Psoriatic ArthritisLifestyle

Psoriatic Disease: Adaptive Tools for Easier Living

hands gesturing in the air, twisting
Brooke Cagle

man's hands buttoning red shirt
Clem Onojeghuo

Get Hooked

Woman trying to open jar.

Hard to Grasp

man putting striped socks and brown shoes on

If the Shoe Fits…

woman's hands using fork with healthy meal

Get a Grip on Mealtime

Drying hair with brush and hairdryer.

Hands-free Style

Unhooking a bra

Magnetic Support

cat sitting in litter box

Scoop That Poop

woman pouring milk out of carton

A Single Tap

woman smiling holding paintbrush, yellow paint on nose


Alisha Bridges

Alisha Bridges


Alisha Bridges has dealt with psoriasis since 7 years old after a bad case of chicken pox triggered her disease to spread on over 90% of her body. For years she hid in shame afraid of what people would think of such a visible disease. She has suffered from depression, anxiety, and panic attacks due to psoriasis.

Years ago Alisha wrote a letter entitled “My Suicide Letter.” The letter was not about actually killing herself but killing parts of her like low self-esteem, fear, and shame so she could truly live to her fullest potential. This proclamation catapulted her into psoriasis and patient advocacy. Following this letter she created a blog entitled Being Me In My Own Skin where she gives intimate details of what it’s like to live with psoriasis.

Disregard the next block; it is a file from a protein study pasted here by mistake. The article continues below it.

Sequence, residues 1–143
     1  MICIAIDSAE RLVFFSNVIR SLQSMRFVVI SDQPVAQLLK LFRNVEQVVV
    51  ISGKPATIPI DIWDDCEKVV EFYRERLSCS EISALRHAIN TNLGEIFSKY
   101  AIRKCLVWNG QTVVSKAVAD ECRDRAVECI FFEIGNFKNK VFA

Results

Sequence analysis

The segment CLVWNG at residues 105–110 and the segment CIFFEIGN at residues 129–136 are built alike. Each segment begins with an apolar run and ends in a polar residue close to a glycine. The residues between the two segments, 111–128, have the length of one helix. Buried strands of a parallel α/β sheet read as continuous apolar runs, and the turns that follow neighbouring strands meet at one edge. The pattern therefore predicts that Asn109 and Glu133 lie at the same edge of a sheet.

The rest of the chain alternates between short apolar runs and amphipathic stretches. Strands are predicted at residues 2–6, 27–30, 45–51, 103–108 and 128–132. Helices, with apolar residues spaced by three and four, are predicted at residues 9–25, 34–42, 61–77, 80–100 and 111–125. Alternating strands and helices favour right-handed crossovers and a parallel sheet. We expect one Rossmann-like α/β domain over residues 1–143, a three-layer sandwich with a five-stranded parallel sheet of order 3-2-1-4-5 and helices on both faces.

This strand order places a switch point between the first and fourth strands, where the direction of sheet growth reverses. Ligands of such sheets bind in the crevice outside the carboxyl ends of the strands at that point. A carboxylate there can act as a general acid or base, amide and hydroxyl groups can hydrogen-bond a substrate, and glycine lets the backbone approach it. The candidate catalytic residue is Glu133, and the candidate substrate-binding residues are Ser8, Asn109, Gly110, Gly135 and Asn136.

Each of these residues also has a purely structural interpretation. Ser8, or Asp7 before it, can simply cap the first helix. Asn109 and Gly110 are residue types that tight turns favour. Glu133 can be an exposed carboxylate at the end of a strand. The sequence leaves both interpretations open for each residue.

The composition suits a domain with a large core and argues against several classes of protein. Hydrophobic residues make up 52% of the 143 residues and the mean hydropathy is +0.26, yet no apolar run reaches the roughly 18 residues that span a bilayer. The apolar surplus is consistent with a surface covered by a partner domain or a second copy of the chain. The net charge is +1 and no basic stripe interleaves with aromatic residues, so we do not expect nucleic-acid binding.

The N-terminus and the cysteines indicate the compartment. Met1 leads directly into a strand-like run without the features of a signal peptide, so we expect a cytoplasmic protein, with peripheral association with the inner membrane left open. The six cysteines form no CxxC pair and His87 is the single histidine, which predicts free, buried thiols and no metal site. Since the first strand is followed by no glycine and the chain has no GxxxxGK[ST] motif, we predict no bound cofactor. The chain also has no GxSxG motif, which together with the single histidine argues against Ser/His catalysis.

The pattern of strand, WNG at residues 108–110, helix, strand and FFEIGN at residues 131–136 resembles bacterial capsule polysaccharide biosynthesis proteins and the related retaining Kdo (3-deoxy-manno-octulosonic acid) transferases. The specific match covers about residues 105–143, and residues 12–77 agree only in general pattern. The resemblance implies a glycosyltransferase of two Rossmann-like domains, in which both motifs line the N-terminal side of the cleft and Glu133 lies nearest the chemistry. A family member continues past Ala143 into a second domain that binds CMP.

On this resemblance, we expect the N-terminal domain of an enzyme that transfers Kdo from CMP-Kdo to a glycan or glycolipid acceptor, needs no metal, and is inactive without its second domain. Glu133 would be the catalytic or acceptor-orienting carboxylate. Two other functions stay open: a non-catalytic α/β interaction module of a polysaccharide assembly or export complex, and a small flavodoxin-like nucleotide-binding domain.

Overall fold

Alisha is a community ambassador for the National Psoriasis Foundation and has served her community in countless ways to help give a better understanding of what’s it’s like to live with psoriasis. Her life motto is the following: “My purpose is to change the hearts of people by creating empathy and compassion for those the least understood through transparency of self, patient advocacy, and dermatology.”

Alisha is also a Social Ambassador for the HealthCentral Skin Health Facebook page.